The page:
Definitions

from The American Heritage® Dictionary of the English Language, 4th Edition

  • transitive v. To cast overboard or off: a ship jettisoning wastes; a pilot jettisoning aircraft fuel.
  • transitive v. Informal To discard (something) as unwanted or burdensome: jettisoned the whole marketing plan.
  • n. The act of discarding or casting overboard.
  • n. Jetsam.

from Wiktionary, Creative Commons Attribution/Share-Alike License

  • n. Collectively, items that have been or are about to be ejected from a boat or balloon.
  • n. The action of jettisoning items.
  • v. To eject from a boat, submarine, aircraft, spaceship or hot-air balloon, so as to lighten the load.
  • v. To let go or get rid of as being useless or defective; discard.

from the GNU version of the Collaborative International Dictionary of English

  • n. The throwing overboard of goods from necessity, in order to lighten a vessel in danger of wreck.
  • n. See Jetsam, 1.

from The Century Dictionary and Cyclopedia

  • To throw overboard, especially for the purpose of easing and saving a ship in time of danger.
  • n. In law, the throwing overboard of goods or merchandise, especially for the purpose of easing a ship in time of danger or distress.

from WordNet 3.0 Copyright 2006 by Princeton University. All rights reserved.

  • v. throw as from an airplane
  • v. throw away, of something encumbering

Etymologies

From Middle English jetteson, a throwing overboard of goods to lighten ship, from Anglo-Norman getteson, from Vulgar Latin *iectātiō, iectātiōn-, from *iectātus, past participle of *iectāre, to throw; see jet2.
(American Heritage® Dictionary of the English Language, Fourth Edition)
From Anglo-Norman getteson, from Old French getaison (French: would be *jetaison like pendaison). Cognate to jetsam (Wiktionary)

Examples

  • I've got a few clean-up issues to attend to, not least of all my need to "jettison" (to borrow Bill's oh-so-apt word choice) the frame story - which is something I've been thinking about ever since moriarty6 suggested the same.

    Bipolar Bear could take over the world, if she could only get out of bed

  • But we find that, when someone wants to make a major change in their lives, especially around breaking out of chemical abuse, if they kind of jettison that person who was part of that abuse with them, that ` s usually a very positive step.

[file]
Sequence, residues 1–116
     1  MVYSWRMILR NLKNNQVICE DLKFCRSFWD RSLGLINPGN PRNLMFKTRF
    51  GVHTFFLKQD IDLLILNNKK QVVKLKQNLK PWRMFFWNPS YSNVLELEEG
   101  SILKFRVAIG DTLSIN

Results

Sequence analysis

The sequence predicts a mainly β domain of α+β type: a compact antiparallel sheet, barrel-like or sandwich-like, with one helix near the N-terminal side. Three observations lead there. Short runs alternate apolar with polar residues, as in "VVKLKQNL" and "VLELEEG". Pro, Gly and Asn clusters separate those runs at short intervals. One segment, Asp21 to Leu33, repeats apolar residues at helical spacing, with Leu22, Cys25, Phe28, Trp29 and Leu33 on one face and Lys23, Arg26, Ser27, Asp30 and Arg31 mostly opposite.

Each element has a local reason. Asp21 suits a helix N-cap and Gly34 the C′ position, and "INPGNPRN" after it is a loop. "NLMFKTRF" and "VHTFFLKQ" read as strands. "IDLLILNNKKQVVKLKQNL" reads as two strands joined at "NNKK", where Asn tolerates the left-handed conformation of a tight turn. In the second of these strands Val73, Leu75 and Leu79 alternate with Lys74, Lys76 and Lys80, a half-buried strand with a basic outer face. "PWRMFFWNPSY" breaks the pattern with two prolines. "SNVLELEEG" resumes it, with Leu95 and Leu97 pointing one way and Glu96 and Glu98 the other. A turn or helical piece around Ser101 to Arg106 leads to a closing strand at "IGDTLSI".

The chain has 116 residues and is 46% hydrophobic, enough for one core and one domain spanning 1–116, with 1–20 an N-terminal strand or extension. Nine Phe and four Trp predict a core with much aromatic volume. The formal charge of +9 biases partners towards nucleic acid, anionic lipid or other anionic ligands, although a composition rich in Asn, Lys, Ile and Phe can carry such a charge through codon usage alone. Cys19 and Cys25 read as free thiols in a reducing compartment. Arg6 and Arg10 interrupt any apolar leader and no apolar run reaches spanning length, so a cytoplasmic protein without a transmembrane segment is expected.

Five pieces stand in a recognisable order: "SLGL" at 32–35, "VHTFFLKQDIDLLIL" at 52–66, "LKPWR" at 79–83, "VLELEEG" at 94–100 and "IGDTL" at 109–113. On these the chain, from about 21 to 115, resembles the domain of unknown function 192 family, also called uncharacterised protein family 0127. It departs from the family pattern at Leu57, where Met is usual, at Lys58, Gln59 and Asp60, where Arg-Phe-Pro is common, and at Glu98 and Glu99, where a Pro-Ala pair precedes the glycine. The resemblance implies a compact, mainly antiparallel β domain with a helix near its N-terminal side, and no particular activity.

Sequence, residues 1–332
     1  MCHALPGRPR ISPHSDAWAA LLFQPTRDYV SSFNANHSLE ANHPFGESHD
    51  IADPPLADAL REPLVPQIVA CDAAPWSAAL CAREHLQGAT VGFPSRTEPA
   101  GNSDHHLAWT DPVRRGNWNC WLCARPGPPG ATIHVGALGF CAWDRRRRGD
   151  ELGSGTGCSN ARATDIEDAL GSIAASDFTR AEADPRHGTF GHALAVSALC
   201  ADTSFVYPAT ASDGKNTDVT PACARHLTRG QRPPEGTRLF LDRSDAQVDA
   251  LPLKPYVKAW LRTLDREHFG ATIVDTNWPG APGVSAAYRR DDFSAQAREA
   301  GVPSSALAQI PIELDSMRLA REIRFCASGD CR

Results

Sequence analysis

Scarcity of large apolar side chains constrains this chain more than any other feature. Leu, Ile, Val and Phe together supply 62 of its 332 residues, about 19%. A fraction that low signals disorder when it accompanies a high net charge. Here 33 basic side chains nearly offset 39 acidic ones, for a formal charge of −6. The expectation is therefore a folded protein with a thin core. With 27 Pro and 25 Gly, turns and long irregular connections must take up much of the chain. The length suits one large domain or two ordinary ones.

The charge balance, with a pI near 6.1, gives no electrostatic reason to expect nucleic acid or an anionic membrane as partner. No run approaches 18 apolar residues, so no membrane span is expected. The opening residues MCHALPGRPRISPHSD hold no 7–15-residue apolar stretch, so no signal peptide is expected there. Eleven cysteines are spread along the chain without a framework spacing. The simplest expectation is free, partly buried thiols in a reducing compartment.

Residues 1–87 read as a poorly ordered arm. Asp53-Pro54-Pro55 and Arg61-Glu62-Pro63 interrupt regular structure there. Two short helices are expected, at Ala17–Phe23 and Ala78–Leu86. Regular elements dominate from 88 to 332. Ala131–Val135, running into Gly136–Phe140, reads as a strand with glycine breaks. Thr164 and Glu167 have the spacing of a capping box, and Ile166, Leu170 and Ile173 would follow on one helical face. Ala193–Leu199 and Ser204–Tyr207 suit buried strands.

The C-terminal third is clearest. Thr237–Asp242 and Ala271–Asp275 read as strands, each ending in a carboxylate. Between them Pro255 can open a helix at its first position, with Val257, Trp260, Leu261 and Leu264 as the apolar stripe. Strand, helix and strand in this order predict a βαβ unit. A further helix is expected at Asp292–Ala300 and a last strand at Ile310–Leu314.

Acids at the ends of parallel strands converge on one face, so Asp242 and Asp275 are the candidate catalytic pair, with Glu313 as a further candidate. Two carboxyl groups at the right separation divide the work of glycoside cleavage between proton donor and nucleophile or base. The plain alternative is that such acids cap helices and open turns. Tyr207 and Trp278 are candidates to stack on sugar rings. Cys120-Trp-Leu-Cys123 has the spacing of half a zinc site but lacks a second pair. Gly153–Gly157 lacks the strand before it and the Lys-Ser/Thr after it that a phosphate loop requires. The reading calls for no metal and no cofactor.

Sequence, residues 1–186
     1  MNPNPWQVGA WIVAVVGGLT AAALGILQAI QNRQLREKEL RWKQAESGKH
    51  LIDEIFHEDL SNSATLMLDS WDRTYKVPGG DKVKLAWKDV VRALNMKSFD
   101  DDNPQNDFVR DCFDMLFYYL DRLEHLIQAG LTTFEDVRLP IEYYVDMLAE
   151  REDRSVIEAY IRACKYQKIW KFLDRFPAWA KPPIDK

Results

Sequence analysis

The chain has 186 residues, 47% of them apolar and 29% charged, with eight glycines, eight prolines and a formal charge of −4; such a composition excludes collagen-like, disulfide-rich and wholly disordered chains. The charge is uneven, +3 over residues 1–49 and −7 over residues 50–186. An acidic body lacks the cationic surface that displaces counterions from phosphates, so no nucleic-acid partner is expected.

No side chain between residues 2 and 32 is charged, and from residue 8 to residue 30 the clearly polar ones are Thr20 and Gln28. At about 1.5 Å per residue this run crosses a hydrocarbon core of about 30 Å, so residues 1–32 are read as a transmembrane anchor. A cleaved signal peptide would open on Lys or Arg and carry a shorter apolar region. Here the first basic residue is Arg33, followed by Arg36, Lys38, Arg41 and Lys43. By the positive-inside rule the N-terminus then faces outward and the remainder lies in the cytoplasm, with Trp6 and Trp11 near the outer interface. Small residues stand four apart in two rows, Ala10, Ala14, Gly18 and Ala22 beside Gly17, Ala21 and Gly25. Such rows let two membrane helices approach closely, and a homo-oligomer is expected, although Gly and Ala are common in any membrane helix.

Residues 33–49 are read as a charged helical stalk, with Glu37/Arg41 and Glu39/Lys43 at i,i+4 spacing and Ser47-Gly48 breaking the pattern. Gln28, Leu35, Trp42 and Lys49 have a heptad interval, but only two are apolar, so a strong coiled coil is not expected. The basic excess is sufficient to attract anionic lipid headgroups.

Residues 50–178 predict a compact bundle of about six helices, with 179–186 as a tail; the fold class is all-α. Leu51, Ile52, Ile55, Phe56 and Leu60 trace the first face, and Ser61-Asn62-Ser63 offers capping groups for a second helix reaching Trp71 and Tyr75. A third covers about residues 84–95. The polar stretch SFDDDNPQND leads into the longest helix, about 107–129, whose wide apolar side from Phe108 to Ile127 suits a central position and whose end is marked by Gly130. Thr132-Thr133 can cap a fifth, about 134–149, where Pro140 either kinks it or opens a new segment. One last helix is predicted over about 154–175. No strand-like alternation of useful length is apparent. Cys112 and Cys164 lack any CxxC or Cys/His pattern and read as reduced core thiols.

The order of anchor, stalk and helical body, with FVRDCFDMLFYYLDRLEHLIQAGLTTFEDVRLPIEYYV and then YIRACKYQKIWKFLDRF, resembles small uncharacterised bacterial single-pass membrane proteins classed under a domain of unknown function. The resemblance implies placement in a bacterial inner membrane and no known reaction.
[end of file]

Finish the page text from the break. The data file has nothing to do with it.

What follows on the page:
CNN Transcript Sep 14, 2006

  • Television, as you know, can kind of jettison you into a whole new world.

    CNN Transcript Sep 23, 2002

  • "But," I asked, "do not the men object to this kind of jettison?"

    Overland through Asia; Pictures of Siberian, Chinese, and Tartar Life

  • Obviously Spansion is bullish about their business going forward although they've shrunk it kind of jettison the mobile market.

    SeekingAlpha.com: Home Page

  • I wonder if Barack Obama has a backup plan - a "jettison" option, if you will - on any references he may make to "global warming" during his inaugural speech - just in case wind chills are hovering around zero on January 20th.

    Latest Articles

  • 2. Add up all the people who vote Republican but want to "jettison" anti-abortion or pro-gun.

    The Democratic Convention.

  • 'unseen hand' was at work to 'jettison' the truth in the sensational case.

    Latest News Online - Express Indian

  • "jettison" ( "a voluntary sacrifice of cargo to lighten a ship's load in time of distress") entered English in the 15th century; the verb has been with us since the 19th century.

    Merriam-Webster's Word of the Day

  • The insurers, of course, have an answer: get rid of the requirement that insurers can only sell policies that meet minimum benefit requirements and jettison the prohibition against charging older Americans any more than three times as much as young people.

    Wendell Potter: The Insurers' Real Agenda for Change

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